A 2010 USFDA update titled ‘Generic Competition and Drug Prices’ highlighted that generic competition is intimately associated with lower drug prices, and the entry of the second generic competitor is associated with the largest price reduction.
The agency found that on an average, the first generic competitor prices its product only slightly lower than the brand-name manufacturer. However, the appearance of a second generic manufacturer reduces the average generic price to nearly half the brand name price. As additional generic manufacturers market the product, the prices continue to fall, but more slowly. For products that attract a large number of generic manufacturers, the average generic price falls to 20 percent of the branded price or even lower.
USFDA came to this conclusion based on an analysis of IMS retail sales data for single-ingredient brand name and generic drug products sold in the United States from 1999 through 2004.
Thus, the scope of any significant price increase, especially under cutthroat competition in the generic space of the US, used to be considered almost impractical until recently.
The ‘Myth’ busted:
Just over four years down the line, a ‘Press Release’ of the Committee on Oversight and Government Reform shattered this myth, when on October 2, 2014, Rep. Elijah E. Cummings, Ranking Member of the House Committee on Oversight and Government Reform, and Senator Bernard Sanders, Chairman of the Subcommittee on Primary Health and Aging, Senate Committee on Health, Education, Labor and Pensions, sent letters to 14 drug manufacturers, which reportedly include India’s Sun Pharma, Dr. Reddy’s Laboratories and Zydus Cadila, requesting for detail information about the escalating prices for generic drugs that they have started charging.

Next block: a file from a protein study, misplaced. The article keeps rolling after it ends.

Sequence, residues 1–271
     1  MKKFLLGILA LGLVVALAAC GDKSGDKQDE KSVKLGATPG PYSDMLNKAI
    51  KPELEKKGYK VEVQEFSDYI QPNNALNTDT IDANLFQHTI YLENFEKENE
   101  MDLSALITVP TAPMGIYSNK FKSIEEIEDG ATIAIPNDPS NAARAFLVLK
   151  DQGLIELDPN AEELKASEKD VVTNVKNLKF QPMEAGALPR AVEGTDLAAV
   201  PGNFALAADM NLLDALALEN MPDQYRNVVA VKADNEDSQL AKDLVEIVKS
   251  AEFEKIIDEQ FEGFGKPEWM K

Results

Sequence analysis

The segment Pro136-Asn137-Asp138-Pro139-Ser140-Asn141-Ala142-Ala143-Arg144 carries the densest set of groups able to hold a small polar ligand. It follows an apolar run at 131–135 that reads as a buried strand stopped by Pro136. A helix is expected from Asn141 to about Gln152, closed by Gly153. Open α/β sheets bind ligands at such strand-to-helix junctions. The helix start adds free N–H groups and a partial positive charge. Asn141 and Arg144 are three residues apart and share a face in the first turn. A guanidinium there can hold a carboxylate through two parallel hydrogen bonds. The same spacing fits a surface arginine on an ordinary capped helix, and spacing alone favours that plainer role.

The complete letters written to each of the 14 drug manufactures are linked below:
Summary findings of apparently ‘obscene’ price hike:
The following statements of Rep. Cummings and Senator Sanders capture the core sentiment of the probe:
“When you see how much the prices of these drugs have increased just over the past year, it’s staggering, and we want to know why,” Cummings said.
“Generic drugs were meant to help make medications affordable for the millions of Americans who rely on prescriptions to manage their health needs. We’ve got to get to the bottom of these enormous price increases,” Sanders added.
In the above letters, Cummings and Sanders quoted data from the Healthcare Supply Chain Association on recent purchases of 10 generic drugs by group purchasing organizations over the past two years. For example:
- Albuterol Sulfate used to treat asthma and other lung conditions, increased 4,014 percent for a 100’s bottle of 2 mg tablets.
- Doxycycline Hyclate, an antibiotic used to treat a variety of infections, increased 8,281 percent for a 500’s bottle of 100 mg tablets.
- Glycopyrrolate, used to prevent irregular heartbeats during surgery, increased 2,728 percent for a box of 10 of 0.2 mg/mL, 20 mL vials.
Click here for a table of price increases for the ten drugs examined.
The information sought by lawmakers:
The Lawmakers requested the companies to provide detail relevant information from 2012 to the present, including:
- Total gross revenues from sales of the drugs,
- Prices paid for the drugs,
- Factors that contributed to decisions to increase prices,
- The identity of company officials responsible for setting drug prices.